Search engine optimization has grown to become a very broad and deep specialty in the field of marketing. Today, it is hard to find a perfect place to start for someone new to SEO since SEO is a moving target, always evolving and always giving even the most experienced marketers fits. Still, I do believe that keywords are the single most important aspect to search engine optimization. Keywords are words people are typing into search engines to find what they are looking for. Keywords can be very mainstream or broad, or more niche and focused. It is the more focused keywords that people who want to be found on the net are dying to know so they can better target their desired users.
Ultimately, search engines rely on words to understand relevance. The search engine is where real humans interface with the internet. Everything your potential customers are thinking about in relation to the products and services you sell, or your very brand itself can be known by conducting keyword research.
Whether you are a dedicated SEO professional or looking to improve online visibility for your business, gaining a mastery of finding keywords will help you gain more search traffic and give you a more detailed look into the specific needs of your potential customers. The most basic way to do some keyword research is to enter some phrases relevant to what you have to offer into a web-based keyword tool such as Google’s keyword planner. This is totally free to use and since it is Google, its results are more important than those you would get for other search engines (though it is not a bad idea to do some searching for keywords on other major search engines like Bing).
Typically, you would start the process by thinking of the kinds of things your customers would be searching for, and then enter those into your chosen keyword tool. The keyword tool would then give you the results for your term plus a list of searched for terms similar to what you typed. You will see some stats for these terms pertaining to pay per click, but most important to you right now is the amount of search volume and competition per month.
It is important to spread your focus a bit so you can gain an audience for both higher traffic search terms and the less competitive niche terms. Many of the terms you receive from a keyword tool will be closely analogous to the term you typed; it will help for you to think a little more specifically about what others may be typing in relation to your target. It is important to see what results you get back for keyword phrases that include your product, it is even better if you can find a more specific searched for term that is a bit longer, a bit less competitive, and gives a clue as to the propensity for the person to actually be shopping.
Long tail keywords are keyword phrases with three or more words that typically typed by people looking for something specific, whether it be a product, service, or an answer to a need. In most cases, these are the most likely searchers who will buy something from you!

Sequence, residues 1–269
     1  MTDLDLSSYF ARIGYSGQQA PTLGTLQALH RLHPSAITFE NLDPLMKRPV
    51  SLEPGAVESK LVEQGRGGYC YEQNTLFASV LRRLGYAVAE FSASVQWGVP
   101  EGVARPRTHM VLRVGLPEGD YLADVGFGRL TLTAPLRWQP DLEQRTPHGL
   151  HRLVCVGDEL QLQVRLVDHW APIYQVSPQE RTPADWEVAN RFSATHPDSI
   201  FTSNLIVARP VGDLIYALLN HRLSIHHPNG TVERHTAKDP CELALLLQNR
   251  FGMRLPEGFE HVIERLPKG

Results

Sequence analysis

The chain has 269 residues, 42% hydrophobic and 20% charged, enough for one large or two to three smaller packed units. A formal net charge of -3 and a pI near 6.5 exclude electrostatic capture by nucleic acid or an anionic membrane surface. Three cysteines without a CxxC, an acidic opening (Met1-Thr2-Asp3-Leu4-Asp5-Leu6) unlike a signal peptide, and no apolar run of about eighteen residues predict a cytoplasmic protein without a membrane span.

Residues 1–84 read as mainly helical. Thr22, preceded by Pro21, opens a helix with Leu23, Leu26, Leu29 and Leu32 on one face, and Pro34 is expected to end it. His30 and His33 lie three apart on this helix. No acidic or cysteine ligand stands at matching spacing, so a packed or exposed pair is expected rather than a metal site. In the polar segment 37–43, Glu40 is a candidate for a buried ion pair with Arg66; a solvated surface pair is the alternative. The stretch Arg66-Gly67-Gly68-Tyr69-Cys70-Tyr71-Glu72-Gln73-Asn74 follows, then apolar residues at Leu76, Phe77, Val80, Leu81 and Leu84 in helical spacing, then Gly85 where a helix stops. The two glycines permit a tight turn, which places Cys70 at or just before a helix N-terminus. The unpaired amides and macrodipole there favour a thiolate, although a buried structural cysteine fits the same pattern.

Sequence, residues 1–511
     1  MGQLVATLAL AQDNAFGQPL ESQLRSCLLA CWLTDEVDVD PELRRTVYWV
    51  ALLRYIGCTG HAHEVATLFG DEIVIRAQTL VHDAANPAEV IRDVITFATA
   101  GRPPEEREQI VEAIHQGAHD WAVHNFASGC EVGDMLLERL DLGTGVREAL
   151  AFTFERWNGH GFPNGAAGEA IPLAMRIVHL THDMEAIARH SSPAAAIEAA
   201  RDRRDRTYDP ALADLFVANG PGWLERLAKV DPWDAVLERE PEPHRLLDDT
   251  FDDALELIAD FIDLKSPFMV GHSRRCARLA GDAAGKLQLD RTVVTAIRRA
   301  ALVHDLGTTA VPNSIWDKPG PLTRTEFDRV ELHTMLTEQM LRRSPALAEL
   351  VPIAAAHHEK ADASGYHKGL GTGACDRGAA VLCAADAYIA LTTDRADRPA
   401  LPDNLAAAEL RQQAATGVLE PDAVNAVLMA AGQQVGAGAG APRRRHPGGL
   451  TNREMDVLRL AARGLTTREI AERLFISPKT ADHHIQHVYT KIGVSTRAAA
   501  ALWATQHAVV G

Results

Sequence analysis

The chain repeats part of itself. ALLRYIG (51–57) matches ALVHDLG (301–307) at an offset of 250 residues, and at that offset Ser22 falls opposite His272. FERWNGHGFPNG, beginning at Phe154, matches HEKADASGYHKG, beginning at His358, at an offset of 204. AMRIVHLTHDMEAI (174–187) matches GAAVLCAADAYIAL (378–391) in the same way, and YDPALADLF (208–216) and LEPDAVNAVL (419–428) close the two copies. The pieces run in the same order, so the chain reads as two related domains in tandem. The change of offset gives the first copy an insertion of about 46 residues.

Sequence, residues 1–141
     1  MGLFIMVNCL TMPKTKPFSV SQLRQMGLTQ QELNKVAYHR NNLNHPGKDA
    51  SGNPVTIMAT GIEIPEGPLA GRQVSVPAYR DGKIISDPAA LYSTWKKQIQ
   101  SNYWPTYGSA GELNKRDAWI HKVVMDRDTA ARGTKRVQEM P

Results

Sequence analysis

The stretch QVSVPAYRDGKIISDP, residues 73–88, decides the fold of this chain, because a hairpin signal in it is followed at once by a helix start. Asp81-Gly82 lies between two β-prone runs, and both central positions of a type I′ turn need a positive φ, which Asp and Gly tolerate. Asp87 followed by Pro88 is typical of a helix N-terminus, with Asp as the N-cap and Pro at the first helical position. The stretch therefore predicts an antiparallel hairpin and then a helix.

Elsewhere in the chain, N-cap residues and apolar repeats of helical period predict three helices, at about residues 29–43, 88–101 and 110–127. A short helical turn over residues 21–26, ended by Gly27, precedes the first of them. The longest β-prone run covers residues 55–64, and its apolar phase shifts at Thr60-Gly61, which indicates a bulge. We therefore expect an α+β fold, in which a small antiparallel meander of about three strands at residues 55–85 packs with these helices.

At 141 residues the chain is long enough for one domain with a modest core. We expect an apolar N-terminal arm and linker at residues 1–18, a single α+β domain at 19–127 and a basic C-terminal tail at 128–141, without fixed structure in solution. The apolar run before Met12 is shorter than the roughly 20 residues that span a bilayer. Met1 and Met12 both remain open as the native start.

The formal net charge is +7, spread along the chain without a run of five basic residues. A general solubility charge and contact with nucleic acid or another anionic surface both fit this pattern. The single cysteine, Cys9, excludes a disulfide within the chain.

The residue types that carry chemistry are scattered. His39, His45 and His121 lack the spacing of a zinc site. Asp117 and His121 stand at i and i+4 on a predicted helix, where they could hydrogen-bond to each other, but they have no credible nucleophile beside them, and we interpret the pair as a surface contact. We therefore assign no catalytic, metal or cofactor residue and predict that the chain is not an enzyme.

Something you should keep in mind when conducting your own keyword research is how people tend to think when they are about to begin looking for things on the internet. Simple, broad terms tend to be more for research; longer, more specific phrases are usually for finding something they wish to acquire. The process of a typical transactional internet search query is as follows:
Step 1 may be a mildly interested person who simply types “fishing rod” into a search engine, or merely sees a picture of a fishing rod while reading a blog about someone’s outdoor vacation and lets their curiosity take them to a few more sites about fishing. Targeting very broad interests like this is likely to not yield much for you.
Marketing towards consumers who are at steps 2 and 3 of this process is a great way to go. Step 2 is for people who may not be quite ready to purchase yet but they are closer to a purchase than a person who is merely curious. A person at step 2 may begin looking for something more specific, like “fly fishing rods” or “how to use a fly fishing rod”. They need good information to help push them over the edge of merely being in consideration. Though you may not see immediate sales from having keyword phrases that appeal to these types, you may gain lots of traffic that will eventually come to see you as a trusted source for information, which then can turn into a sale later. In the age of social media and sharing, content which informs people will be an increasingly more important part of your internet marketing strategy.
Potential customers at step 3 may be using search phrases that include more specific fly fishing information that reveals their knowledge and intentions. These higher value keyword phrases may be “orvis helios 2 vs sage one”, “orvis helios 2 saltwater”, or “orvis helios 2 review”. These step 3 phrases reveal that the consumer is interested in a specific kind of fishing and a particular brand and model. The saltwater related keyphrase lets you know that they are even more serious about what they need. The “vs” phrase lets you know that they probably have only one hurdle left before they buy, and that is how this rod stacks up against the “sage one”, and the “review” phrase would go great on your fly rod shop’s blog as anchor text for your links to the positive reviews this product is receiving across the web. You can also have “orvis helios 2 review” before the link as the lead text in your tweets for SEO value.
There are multitudes of ways to think about keyword research, and this is only meant to help get you started. With experience, you will come up with even better ways to tailor your research to the particulars of your industry so you will find those blue oceans of niche, qualified traffic.
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